The Bactra Review: Occasional and eclectic book reviews by Cosma Shalizi   144

Identification for Prediction and Decision

by Charles F. Manski

Cambridge, Massachusetts: Harvard University Press, 2009

Better Roughly Right than Exactly Wrong

A space of stochastic models is identifiable when any two points in the space yield distinct probability distributions over the observables. The name arises because then one could, with enough data, decide which of the two distributions was right; one could identify the distribution. More broadly, parameters (functionals) of stochastic models are identifiable when they are functions of the distribution of observables. This is a probabilistic rather than a statistical concept, but one which is obviously important to statistical work — consistent estimation of a non-identifiable parameter is clearly not possible.

Manski introduced an important notion of partial identification, which happens when perfect data is not enough to pin a parameter down to a single point value, but can impose non-trivial bounds on it. The degree to which a parameter is identifiable, in this sense, depends on the class of models one is willing to consider, i.e., on the strength of the assumptions one is willing to make. The stronger those assumptions, the narrower the bounds, in some cases yielding full or point-identification. This book is an introduction to work by Manski and co-authors on partial identifiability in social-scientific and policy-making problems. The main themes are that (1) many parameters are only very poorly identified with credible assumptions, due to the ubiquity of missing data; but (2) non-trivial partial-identification bounds, based on not-too-strong assumptions, do exist; while (3) the traditional assumptions used to point-identify parameters (e.g., linear homogeneous demand-and-supply curves in economics, plus instrumental variables) are very strong, sometimes completely unfalsifiable, and have little or no basis in established or even conjectural theory. Finally, (4) it is important for both social science and policy to admit to the uncertainty or ambiguity this leaves us with, rather than simply making stuff up so as to be definite. [1]

Manski is quite serious about the "decision" part of his title. The reason we want to know the kinds of things he's been concerned with is that they tell us what will happen (or tend to happen) when we take different sorts of action in the world. If there is uncertainty about consequences, then there is uncertainty about policy, too. (In this vein, a later paper of Manski's on "actualist rationality" is very much worth reading.) Like many writers, he admires Wald's notion of "statistical decision functions", rules which tell the policy maker what action to take in new cases, as a function of training data; Manski is particularly taken with the idea that a good rule will minimize the maximum regret one will experience as a consequence of using it rather than some other decision function. There are some interesting results here on the implications of partial identifiability for decision functions. There is also a lament that this style of decision theory went out of fashion in the 1960s, in favor of more cut-and-dried Bayesian decision analysis. To my mind, though, this sort of work is still being done, only it's being called "statistical learning theory." When we say that a learning algorithm is "probably approximately correct", for instance, we mean that, with arbitrarily high confidence, using the rule the algorithm gives us to make decisions about new data will have a risk arbitrarily close to the best possible rule, no matter what the distribution of the data. (The importance of minimizing regret becomes even clearer in the online-learning literature.) Trading exact optimality for practical non-parametrics seems like a reasonable deal to me. In any case, it would be very cool if anything could be done with this connection.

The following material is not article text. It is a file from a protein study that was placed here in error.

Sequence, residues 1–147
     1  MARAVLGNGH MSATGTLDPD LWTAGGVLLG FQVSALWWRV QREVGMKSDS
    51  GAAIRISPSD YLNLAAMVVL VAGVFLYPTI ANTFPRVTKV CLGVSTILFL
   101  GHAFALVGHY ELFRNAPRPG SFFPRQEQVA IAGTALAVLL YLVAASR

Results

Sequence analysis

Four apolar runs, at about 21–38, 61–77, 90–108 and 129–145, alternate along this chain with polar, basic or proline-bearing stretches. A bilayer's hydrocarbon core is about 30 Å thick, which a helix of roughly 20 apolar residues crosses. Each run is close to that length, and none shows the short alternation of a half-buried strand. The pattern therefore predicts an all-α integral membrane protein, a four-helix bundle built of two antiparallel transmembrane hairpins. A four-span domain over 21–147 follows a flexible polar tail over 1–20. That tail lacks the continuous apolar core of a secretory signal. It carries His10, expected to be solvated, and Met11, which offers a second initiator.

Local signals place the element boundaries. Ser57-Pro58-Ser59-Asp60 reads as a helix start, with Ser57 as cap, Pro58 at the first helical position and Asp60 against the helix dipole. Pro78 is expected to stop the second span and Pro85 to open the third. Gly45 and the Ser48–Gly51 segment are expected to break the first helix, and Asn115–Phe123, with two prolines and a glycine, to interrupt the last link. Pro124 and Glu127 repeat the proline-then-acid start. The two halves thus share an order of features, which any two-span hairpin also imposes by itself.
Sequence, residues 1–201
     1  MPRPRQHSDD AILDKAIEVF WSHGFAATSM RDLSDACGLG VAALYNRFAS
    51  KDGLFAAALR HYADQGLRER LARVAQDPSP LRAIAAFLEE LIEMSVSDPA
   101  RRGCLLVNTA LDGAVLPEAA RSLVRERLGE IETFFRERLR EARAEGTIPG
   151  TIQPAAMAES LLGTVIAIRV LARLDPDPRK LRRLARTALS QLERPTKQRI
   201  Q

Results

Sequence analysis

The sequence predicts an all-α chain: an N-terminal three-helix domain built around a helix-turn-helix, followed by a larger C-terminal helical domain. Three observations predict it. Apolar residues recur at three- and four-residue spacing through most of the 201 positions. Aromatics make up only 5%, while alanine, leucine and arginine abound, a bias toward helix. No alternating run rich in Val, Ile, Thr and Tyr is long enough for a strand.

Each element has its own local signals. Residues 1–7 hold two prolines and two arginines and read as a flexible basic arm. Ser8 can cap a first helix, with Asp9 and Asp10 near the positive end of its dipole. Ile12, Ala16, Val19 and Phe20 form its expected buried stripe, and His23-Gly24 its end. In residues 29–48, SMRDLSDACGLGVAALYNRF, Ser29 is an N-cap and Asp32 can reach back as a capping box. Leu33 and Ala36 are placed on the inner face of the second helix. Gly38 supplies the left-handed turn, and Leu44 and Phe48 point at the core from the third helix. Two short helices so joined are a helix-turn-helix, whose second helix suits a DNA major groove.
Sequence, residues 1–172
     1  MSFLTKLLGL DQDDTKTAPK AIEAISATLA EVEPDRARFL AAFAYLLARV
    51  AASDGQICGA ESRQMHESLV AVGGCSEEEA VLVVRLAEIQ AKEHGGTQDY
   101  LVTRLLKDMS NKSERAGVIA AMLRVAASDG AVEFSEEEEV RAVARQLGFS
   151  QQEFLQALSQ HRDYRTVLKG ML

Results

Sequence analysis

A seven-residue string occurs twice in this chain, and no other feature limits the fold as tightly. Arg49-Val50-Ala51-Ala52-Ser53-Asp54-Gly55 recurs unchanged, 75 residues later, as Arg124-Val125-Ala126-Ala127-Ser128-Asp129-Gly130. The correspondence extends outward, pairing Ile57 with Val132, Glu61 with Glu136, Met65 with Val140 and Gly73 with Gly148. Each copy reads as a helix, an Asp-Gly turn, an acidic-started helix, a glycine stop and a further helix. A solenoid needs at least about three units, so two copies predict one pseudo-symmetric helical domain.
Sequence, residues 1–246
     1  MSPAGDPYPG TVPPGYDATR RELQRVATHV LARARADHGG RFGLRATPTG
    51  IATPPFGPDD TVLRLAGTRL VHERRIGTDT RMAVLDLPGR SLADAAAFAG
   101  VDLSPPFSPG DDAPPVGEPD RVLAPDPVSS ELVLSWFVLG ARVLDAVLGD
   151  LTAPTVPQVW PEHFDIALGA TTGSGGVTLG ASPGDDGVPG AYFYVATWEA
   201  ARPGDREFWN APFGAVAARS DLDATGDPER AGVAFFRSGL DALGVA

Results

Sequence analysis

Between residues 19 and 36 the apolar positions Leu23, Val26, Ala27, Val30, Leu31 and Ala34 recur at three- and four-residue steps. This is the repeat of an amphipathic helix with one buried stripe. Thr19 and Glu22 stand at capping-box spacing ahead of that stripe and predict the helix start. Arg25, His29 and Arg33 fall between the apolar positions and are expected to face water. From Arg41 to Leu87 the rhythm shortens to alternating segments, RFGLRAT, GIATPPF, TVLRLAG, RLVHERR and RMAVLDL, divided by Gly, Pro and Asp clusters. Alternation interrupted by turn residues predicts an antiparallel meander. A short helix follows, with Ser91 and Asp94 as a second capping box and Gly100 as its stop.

The book should be accessible to anyone with a working knowledge of probability and statistics, including linear regression; it's largely self-contained beyond that, and the writing is quite clear, and technicalities studiously avoided. (I particularly found his discussion of identification in linear simultaneous equation models much better than the usual treatment in econometrics books.) While the numerical examples are more detailed than I really needed, they also seem like they would actually help many readers.

[1]: Aside/quibble: Manski is a bit unfair to Herbert Simon in his last chapter. (Of course, I am not exactly objective where the latter is concerned.) Simon's founding papers on bounded rationality were essentially making computational complexity arguments, i.e., mathematical arguments that we cannot, and therefore do not, act like expected utility maximizers in any non-trivial setting. This was followed by an extensive series of experimental investigations into how we make decisions, not just left hanging there...

368 pp., a few line diagrams, bibliography, index

Probability and Statistics; Economics; Sociology

Currently in print as a hardback, ISBN 978-0-674-02653-7 [Buy from Powell's], US$58

5 August 2009